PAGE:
Employers must comply with numerous Department of Labor (DOL) laws concerning employee wages and hours, workplace safety, family and medical leave, and special rights granted to military veterans in the workforce, among others. A DOL audit can focus on any area of employment law. The DOL has the right to audit employers at any time, so employers are wise to be prepared for scrutiny.
In light of pending changes to Wage & Hour rules proposed in the Fair Labor Standards Act, we have put together a checklist to help you steer clear of trouble during a DOL Wage & Hour audit.
To be sure your company maintains compliance, examine the following areas:
- Are you maintaining time sheets and payroll records that are legible, accurate, complete, and easy to access, and keeping them for a minimum of three years? Not only is this a requirement under the law, but it will make responding to an audit that much easier.
- Is there a timekeeping system in place that accurately tracks hours worked for non-exempt employees? An electronic timekeeping system is not required but tracking hourly employees’ time to the minute can be helpful and is recommended.
- Are work hours being calculated properly? Breaks (20 minutes or less spent away from the work area) for non-exempt employees are considered paid hours and must be included in the calculation that determines overtime pay. Training time, time spent changing into and out of work gear, and certain parts of the time employees must travel for work, are also included in hours worked.
- Is a non-exempt worker’s “regular rate of pay” being calculated correctly? An employee’s regular pay rate is determined by dividing the total pay for a week by number of hours worked. Included all the following in the calculation:
- Salary or hourly pay rate
- On-call pay
- Nondiscretionary bonuses
- Shift differentials
- Reasonable cost of employee room and board
- Cash payments under a cafeteria plan
- Piece rate
- Are you in compliance with overtime pay requirements? Employers must calculate and pay overtime pay (at 1.5 times regular pay rate) as it is incurred. They may not offer paid time off in lieu of overtime wages or a lump sum payment for varying amounts of overtime hours worked.
- Is there a procedure in place that prevents untracked or “off-the-clock” work? It is a violation of the law to require, ask, or allow employees to work without pay, even if it is done without the employer’s knowledge or permission. Employers should have a written policy that requires workers to log all time worked and to prohibit work that is not logged. It is recommended that employers require employees to take meal breaks away from work areas, off the clock, and that employers prohibit working during meal breaks.
- Do salaried employees meet the criteria to be exempt from overtime pay? Salaried employees whose salary and actual duties do not meet the exemption test must be paid for overtime hours worked.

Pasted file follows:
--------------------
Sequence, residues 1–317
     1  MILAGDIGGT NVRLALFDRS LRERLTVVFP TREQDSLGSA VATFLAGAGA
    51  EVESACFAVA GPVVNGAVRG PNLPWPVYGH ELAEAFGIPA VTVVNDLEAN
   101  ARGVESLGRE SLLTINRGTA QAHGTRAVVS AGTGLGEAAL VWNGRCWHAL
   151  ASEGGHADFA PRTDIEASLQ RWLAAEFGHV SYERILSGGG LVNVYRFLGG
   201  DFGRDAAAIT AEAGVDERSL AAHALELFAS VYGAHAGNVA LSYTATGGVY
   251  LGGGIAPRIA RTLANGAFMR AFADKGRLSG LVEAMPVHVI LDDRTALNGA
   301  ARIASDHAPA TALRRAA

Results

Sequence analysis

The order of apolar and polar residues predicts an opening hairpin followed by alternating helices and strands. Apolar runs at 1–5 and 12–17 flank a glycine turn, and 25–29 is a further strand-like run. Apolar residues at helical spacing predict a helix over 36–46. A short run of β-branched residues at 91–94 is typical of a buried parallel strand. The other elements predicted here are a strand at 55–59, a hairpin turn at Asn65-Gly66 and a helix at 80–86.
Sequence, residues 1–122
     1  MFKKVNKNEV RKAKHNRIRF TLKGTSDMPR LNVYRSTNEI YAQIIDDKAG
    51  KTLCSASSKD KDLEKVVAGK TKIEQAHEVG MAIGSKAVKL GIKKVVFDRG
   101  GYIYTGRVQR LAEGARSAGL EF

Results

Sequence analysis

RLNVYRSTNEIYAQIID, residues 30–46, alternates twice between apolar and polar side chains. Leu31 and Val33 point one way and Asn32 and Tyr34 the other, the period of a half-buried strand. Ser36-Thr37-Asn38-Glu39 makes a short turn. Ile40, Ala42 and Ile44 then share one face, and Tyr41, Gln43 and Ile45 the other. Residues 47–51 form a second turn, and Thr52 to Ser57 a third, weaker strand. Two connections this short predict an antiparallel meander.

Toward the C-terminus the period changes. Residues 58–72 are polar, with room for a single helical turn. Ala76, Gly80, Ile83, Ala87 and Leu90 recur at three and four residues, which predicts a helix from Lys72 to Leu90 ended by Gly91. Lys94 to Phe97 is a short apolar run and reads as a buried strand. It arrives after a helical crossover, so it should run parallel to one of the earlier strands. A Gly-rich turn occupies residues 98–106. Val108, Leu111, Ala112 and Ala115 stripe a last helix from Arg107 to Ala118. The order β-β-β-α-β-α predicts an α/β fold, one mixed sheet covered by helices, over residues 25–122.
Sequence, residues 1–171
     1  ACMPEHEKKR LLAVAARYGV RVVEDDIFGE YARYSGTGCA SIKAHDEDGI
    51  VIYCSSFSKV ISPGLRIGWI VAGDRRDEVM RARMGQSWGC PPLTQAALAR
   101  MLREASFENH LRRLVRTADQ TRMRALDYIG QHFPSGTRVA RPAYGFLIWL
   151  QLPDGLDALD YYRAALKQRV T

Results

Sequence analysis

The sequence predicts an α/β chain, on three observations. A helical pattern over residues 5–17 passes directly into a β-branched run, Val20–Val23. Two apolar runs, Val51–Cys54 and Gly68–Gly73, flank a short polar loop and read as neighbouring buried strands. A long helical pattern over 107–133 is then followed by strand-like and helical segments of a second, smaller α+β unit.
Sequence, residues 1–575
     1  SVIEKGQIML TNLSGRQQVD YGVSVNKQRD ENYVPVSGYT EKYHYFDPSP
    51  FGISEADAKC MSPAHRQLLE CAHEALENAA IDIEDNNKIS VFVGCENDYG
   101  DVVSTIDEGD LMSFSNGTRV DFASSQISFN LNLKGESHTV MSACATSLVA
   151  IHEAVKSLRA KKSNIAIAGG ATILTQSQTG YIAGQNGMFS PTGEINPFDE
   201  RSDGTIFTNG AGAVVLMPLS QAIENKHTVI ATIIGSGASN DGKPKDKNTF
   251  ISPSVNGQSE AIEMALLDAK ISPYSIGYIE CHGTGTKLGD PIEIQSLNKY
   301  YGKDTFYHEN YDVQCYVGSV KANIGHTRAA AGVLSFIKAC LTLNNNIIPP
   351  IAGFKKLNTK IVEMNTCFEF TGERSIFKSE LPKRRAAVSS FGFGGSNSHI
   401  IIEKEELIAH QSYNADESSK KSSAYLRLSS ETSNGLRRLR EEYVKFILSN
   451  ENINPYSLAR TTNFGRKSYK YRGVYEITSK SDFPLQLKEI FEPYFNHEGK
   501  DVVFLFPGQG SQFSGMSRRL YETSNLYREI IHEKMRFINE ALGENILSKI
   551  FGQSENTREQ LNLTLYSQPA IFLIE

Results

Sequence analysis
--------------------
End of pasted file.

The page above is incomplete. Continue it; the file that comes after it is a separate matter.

- Does the exempt employee spend the majority of time doing exempt-level work (per the duties test)? If so, they will probably qualify as exempt. Be sure to review the exemption test carefully and consult an employment law attorney if in doubt.
- Are there accurate job descriptions on file? These can be useful in determining if an employee is exempt or non-exempt. Keep job descriptions updated.
- Are exempt employees receiving the full salary every pay period? The exceptions to this requirement are as follows:
- Absences of one full day or more unrelated to illness or disability
- Deductions to offset military, jury or witness pay
- Penalty for infractions of major safety rules
- Disciplinary suspensions for workplace misconduct
- During first or last week of employment if employee does not work full week,
- Unpaid leave under Family and Medical Leave Act
- Are workers being properly classified as employees or independent contractors? DOL wage and pay rules do not apply to actual independent contractors. But the classification of workers will be subject to scrutiny during an audit and a worker is considered to be an employee unless the very narrow criteria for independent contractor status are met.
- The Wage and Hours Division (WHD) of the Department of Labor use the “economic reality” test to determine contractor or employee status. For the purposes of the test, the worker is an employee when he or she depends on the business entity to which he or she renders services, as a matter of economic reality. This can be a complicated determination. Consult an employment law attorney when in doubt.
- Keep records of the review process to determine contractor vs. employee status. Review the classifications regularly as relationships change.
This document is intended as a sample of the types of questions that can be helpful in preparing for a Department of Labor wage and hour audit. For assistance with a DOL audit or for help with employment law questions, contact Simon Paschal PLLC.